• professionalism;
  • assessment of professionalism;
  • medical education;
  • altruism;
  • gross anatomy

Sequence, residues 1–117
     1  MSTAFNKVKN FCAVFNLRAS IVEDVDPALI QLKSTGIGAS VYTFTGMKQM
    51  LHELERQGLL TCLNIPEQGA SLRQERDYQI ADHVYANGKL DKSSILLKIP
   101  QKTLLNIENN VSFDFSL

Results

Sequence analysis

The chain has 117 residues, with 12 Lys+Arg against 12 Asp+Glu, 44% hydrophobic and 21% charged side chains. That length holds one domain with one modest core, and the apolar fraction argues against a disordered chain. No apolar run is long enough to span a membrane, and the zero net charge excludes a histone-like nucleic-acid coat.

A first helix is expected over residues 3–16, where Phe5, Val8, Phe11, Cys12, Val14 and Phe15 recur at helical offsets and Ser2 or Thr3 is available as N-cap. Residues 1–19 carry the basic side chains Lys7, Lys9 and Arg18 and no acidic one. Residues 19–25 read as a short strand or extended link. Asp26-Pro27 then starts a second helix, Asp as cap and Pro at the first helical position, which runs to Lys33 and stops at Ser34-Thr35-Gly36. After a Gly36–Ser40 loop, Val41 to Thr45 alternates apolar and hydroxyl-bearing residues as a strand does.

By design or default, anatomy educators are often responsible for introducing students to medical professionalism. Although much has been said about the role of anatomical education, there are no published reports suggesting how to measure change. This study investigated what professionalism attitudes, if any, change during a gross anatomy course. Additionally, the influence of four dichotomous variables related to student identity and preparation for medical school were analyzed for their effect on professionalism attitudes. A cross-sectional time-one (T1; beginning of the course), time-two (T2; end of the course) study using the Penn State College of Medicine Survey of Professionalism was conducted. A multivariate analysis of variance identified the main effects and interaction effects of categorical variables. A Mann Whitney U test verified significant differences. This study found a reprioritization of professionalism attitudes in favor of altruism (P = 0.04 with a Cohen's d = 0.26) at T2. Female students (P = 0.03, Cohen's d = 0.38) and students from a science background (P = 0.04, Cohen's d = 0.36) changed the most in favor of altruism. Interestingly, though several factors correlated with dissimilarities in professionalism values at T1, gender was the only factor to show a significant difference in professionalism attitudes at T2. This cohort of students reported a statistically significant increase in altruism and no significant decreases in other professionalism attitudes concurrent with the gross anatomy course. Anat Sci Educ 3:12–16, 2010. © 2009 American Association of Anatomists